Lord Whitty: My Lords, I accept that some people—relatively few—in some parts of the country will be adversely affected by the ban. But I am astonished by my noble friend and other colleagues who support her. The Government came to this House and asked for a delay which would have mitigated some of these effects. Instead, despite my clear advice that this would be the only issue decided by its vote, this House decided to adopt what I would call a kamikaze tactic—although perhaps that is unfair because the Japanese never aimed at their own side.

Lord Snape: My Lords, is my noble friend aware that Mr Peter Bradley, the politician famously responsible for the quotation in the Sunday Telegraph, is described in the Times Guide to the House of Commons as the chairman or director of a Westminster-based public relations company? Would it reassure noble Lords opposite if I tell my noble friend that, in my experience, such people are rarely to be found at the forefront of the barricades at the time of the revolution?

Lord Whitty: My Lords, clearly my noble friend has more experience of revolutions than I do. However, in my limited experience, he is absolutely right.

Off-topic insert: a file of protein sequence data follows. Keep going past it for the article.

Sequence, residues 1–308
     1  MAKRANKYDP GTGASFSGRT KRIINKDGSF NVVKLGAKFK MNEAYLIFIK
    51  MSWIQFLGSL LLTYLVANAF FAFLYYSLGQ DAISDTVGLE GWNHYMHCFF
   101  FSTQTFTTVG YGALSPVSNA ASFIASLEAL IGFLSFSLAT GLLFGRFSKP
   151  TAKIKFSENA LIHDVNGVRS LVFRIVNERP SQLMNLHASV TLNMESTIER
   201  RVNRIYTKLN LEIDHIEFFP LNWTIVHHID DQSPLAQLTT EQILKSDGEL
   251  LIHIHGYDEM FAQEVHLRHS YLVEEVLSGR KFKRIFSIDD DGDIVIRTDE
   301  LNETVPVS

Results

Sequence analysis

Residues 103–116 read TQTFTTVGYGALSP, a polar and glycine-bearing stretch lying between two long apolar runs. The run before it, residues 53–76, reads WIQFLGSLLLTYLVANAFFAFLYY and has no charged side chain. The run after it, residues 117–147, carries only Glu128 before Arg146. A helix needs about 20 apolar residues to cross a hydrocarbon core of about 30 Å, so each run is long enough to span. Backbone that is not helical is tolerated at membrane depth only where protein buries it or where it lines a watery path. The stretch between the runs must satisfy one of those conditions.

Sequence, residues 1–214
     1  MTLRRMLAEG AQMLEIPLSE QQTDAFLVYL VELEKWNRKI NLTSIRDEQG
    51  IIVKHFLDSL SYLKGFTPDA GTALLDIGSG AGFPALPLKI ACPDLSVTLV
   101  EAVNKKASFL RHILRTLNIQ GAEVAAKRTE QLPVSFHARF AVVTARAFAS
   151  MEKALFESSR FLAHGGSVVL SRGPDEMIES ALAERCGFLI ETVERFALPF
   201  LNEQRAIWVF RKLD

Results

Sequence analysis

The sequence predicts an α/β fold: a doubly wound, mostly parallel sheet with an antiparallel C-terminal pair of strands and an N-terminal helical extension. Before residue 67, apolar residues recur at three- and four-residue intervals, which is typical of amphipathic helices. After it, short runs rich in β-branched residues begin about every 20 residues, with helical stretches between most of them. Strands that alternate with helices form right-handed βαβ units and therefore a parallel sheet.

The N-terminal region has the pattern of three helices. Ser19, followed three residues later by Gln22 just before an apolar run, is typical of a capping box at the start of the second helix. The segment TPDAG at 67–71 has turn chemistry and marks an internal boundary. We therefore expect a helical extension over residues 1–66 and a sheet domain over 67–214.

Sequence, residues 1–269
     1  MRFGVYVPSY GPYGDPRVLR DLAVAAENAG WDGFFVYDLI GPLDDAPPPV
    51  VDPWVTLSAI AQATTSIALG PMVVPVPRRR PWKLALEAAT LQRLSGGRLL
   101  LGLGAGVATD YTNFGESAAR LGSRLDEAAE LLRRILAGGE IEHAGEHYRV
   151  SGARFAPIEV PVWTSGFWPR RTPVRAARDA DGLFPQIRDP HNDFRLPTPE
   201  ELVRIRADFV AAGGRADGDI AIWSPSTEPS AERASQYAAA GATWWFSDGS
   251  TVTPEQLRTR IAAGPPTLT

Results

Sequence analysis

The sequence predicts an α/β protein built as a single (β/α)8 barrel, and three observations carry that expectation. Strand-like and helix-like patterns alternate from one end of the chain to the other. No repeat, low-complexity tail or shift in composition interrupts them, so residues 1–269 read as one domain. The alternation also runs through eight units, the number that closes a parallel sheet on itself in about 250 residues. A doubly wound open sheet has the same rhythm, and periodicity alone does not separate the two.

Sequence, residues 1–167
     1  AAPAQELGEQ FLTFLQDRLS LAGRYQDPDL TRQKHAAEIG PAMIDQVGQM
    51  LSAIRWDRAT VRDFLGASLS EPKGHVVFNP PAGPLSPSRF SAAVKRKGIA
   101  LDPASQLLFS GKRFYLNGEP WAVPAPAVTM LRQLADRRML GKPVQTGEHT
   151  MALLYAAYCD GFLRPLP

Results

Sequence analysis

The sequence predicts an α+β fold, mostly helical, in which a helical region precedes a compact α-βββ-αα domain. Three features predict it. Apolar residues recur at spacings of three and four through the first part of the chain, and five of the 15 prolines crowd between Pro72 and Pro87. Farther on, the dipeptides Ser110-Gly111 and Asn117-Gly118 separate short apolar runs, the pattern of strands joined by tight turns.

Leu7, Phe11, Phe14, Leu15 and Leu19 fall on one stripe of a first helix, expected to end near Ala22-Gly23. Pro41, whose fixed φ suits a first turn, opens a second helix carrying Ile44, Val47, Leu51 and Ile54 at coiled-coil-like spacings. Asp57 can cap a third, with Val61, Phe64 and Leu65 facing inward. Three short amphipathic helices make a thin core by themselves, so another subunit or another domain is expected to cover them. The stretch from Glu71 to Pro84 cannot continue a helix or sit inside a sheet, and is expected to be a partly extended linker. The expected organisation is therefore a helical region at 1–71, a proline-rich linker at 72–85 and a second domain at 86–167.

Lord Mackie of Benshie: My Lords, would the noble Lord care to reflect on his statement that the Hunting Act was about cruelty? All the evidence suggests that it is crueller to shoot foxes than it is to kill them with hounds.

Lord Whitty: My Lords, that was a matter of considerable debate during the passage of the Bill. It was not the view taken by the majority in the House of Commons and it is not the view I take. I think that there are serious issues of cruelty relating to hunting with hounds. That is the view of the majority of the elected House and is actually the view of the majority in the country.
 
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Nuclear Decommissioning

Baroness Miller of Chilthorne Domer asked Her Majesty's Government: